• Wycliffe Seed Company, Arlington, received between $2 million and $5 million to pay for an unknown number of salaries. (The exact number was not listed in the SBA data.)

The two replies I received, include:

  • First Baptist Church of Houston, which received $2 million to $5 million to pay the salaries of 421 employees. Steven W. Murray, Director of Communications at Houston First Baptist Church, said:

“In April 2020, Houston’s First Baptist Church applied for a loan through the PPP. At the time of the application, giving to the church was trending downward compared to the year before and the price of oil — which impacts the Houston economy — was at historically low levels. To protect hundreds of employees at the church and given the uncertain economic forecast for the following months at that time, the church proceeded with the loan application process.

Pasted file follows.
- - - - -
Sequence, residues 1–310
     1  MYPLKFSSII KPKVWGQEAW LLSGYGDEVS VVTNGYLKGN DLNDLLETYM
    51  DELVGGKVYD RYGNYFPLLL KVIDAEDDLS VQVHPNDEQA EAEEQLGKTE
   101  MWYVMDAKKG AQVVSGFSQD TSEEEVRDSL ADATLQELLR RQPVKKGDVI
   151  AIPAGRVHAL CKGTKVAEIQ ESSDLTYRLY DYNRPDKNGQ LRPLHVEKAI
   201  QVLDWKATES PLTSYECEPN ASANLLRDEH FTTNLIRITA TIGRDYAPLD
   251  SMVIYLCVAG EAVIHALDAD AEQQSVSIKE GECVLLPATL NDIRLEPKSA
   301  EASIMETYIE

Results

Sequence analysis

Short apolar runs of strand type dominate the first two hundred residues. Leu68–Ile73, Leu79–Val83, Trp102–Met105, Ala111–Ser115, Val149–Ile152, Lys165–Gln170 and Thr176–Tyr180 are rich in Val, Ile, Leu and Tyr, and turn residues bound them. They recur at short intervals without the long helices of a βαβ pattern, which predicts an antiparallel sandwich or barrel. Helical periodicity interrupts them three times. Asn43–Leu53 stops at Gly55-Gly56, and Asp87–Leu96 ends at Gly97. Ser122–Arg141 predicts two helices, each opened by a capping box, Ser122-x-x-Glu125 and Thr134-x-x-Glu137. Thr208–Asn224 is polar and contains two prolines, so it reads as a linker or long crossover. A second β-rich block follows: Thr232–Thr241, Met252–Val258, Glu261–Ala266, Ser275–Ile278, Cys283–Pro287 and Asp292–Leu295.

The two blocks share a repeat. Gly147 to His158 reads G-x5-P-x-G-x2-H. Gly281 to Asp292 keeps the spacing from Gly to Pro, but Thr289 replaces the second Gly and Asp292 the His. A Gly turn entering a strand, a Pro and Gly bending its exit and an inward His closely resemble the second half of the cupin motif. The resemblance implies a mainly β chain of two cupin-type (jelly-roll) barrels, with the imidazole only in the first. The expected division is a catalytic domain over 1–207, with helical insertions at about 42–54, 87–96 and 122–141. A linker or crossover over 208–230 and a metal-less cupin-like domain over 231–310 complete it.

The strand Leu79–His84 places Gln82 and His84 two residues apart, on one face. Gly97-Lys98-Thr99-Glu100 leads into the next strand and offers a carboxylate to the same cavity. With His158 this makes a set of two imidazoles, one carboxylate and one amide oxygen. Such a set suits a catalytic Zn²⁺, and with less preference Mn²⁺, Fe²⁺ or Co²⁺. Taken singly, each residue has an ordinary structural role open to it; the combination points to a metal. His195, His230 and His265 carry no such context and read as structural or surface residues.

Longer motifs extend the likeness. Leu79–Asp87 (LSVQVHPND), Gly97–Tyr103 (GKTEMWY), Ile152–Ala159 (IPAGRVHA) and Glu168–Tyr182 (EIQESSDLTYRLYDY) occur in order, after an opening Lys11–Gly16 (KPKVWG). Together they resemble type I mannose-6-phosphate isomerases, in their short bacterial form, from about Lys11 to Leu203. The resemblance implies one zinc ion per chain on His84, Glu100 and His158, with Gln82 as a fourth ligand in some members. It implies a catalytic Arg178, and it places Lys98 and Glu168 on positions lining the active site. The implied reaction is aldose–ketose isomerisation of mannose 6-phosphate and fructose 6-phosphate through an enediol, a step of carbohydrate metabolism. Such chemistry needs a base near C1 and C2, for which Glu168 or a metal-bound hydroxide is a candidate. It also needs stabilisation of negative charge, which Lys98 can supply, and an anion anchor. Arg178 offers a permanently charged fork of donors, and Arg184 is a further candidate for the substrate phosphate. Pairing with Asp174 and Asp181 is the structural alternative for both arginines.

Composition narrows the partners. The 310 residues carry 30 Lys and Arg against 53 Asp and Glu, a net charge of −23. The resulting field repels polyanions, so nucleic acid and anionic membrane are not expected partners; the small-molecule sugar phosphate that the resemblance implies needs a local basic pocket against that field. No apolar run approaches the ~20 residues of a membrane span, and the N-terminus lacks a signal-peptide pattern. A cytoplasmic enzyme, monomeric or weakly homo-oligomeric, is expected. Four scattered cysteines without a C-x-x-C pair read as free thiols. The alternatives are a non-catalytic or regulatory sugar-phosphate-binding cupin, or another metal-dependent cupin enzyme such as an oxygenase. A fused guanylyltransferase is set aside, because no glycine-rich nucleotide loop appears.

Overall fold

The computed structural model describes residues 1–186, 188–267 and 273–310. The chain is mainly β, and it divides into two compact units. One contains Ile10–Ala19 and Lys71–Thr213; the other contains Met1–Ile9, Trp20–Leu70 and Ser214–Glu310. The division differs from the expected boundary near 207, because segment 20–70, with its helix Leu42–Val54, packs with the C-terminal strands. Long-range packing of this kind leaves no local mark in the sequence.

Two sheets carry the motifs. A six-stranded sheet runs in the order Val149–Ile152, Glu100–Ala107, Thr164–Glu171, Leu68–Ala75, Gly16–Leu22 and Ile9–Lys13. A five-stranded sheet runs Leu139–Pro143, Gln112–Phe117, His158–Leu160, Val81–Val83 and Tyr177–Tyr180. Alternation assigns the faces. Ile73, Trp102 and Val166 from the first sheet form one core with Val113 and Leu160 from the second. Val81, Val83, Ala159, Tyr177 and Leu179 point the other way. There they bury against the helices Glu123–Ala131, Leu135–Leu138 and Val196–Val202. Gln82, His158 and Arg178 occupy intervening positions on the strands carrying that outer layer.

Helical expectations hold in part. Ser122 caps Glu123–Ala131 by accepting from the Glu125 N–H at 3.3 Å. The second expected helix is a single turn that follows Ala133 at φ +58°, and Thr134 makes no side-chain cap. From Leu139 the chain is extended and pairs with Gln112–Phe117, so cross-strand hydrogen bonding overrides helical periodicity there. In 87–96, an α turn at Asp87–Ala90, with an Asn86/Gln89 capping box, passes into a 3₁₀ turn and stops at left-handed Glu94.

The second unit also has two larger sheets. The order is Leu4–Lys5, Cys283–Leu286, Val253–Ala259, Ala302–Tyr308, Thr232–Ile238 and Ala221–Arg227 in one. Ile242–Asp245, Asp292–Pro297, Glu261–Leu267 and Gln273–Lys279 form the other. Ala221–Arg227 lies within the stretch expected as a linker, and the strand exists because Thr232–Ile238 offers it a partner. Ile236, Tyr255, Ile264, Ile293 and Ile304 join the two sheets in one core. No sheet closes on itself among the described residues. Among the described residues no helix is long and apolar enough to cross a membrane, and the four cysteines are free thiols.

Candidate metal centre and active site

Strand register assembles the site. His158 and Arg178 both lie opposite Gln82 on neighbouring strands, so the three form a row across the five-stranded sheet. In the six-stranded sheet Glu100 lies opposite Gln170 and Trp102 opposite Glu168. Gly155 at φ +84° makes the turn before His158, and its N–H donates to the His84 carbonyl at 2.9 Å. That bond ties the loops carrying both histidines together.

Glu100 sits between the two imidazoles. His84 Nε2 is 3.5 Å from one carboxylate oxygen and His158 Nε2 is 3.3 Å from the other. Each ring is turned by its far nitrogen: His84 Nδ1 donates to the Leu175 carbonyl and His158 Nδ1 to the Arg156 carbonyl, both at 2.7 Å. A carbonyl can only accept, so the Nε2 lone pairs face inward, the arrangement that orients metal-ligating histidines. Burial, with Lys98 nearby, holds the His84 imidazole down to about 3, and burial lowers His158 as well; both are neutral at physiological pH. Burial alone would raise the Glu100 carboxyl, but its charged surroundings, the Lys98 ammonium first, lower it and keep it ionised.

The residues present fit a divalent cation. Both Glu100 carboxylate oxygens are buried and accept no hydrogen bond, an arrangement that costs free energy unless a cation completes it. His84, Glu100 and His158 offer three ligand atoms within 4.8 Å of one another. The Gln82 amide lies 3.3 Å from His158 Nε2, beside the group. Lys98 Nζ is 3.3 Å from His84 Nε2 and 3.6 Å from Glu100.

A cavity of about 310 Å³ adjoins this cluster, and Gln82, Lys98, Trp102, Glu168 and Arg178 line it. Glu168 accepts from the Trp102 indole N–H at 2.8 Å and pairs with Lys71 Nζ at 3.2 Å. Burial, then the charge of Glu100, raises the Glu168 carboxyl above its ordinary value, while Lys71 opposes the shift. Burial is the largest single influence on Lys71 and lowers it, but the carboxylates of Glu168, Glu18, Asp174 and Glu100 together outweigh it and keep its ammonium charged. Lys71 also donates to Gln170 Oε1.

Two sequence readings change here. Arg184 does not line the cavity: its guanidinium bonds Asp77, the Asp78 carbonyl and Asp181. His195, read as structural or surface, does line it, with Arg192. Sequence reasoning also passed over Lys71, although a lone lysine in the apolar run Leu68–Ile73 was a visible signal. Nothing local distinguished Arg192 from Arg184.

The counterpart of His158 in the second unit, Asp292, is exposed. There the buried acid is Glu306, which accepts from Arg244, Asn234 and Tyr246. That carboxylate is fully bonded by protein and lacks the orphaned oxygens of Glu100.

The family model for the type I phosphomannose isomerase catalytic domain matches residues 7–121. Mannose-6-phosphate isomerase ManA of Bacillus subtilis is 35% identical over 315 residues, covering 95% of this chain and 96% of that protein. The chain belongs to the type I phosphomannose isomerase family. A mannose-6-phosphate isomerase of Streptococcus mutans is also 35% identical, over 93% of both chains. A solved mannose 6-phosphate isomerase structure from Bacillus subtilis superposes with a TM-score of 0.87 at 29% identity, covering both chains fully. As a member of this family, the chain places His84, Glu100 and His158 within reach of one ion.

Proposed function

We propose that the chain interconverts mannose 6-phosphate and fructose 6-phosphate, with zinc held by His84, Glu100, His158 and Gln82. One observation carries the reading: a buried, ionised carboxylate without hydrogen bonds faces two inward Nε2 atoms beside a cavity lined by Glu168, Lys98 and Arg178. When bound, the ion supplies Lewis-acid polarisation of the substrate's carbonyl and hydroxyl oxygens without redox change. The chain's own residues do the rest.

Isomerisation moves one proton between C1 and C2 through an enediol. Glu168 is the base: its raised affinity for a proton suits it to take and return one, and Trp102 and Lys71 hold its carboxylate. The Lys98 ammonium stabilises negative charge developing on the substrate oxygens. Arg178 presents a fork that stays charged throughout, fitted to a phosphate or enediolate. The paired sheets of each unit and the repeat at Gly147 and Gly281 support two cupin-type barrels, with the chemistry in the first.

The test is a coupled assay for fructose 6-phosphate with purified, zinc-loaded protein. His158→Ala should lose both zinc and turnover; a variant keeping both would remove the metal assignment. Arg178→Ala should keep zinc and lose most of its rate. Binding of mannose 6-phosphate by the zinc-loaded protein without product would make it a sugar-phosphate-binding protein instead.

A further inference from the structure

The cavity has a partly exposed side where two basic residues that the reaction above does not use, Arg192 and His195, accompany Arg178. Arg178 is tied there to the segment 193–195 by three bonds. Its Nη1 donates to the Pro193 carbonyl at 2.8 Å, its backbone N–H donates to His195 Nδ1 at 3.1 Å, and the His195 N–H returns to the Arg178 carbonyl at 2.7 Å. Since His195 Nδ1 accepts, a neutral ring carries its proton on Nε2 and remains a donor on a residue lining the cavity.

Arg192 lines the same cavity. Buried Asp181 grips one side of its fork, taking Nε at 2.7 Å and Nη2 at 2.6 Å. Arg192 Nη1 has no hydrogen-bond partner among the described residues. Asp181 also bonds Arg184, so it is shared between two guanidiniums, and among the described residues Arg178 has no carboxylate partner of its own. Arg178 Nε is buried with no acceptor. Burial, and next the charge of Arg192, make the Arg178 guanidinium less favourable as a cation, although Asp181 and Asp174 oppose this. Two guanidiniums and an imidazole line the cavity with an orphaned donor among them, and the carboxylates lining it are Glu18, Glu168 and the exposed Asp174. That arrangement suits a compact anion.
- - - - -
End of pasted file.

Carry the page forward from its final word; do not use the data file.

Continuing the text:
“The decision to apply for a loan was approved through the church’s established governance process, with approval given first by the Finance Committee comprised of lay members, then by the Deacon body, and then voted upon at a monthly Church Conference. The Church Conference typically takes place at the church, but this one took place via a Zoom meeting due to the COVID-19 pandemic. Information about how to join in on the Church Conference was made available so any member could attend, as listed here on the church website’s event calendar. Minutes from the Church Conference can be found here.

“Our loan application was subsequently approved by the Small Business Administration. Thanks to the increased generosity of the Houston’s First family and a turnaround in the local economy, the church has not needed to use those funds as of July 16, 2020. Fortunately, we have been able to maintain our payroll and employee headcount so far without the use of the loan.”

In response, I asked since the congregation is so generous would the church be returning the money? I did not get a reply.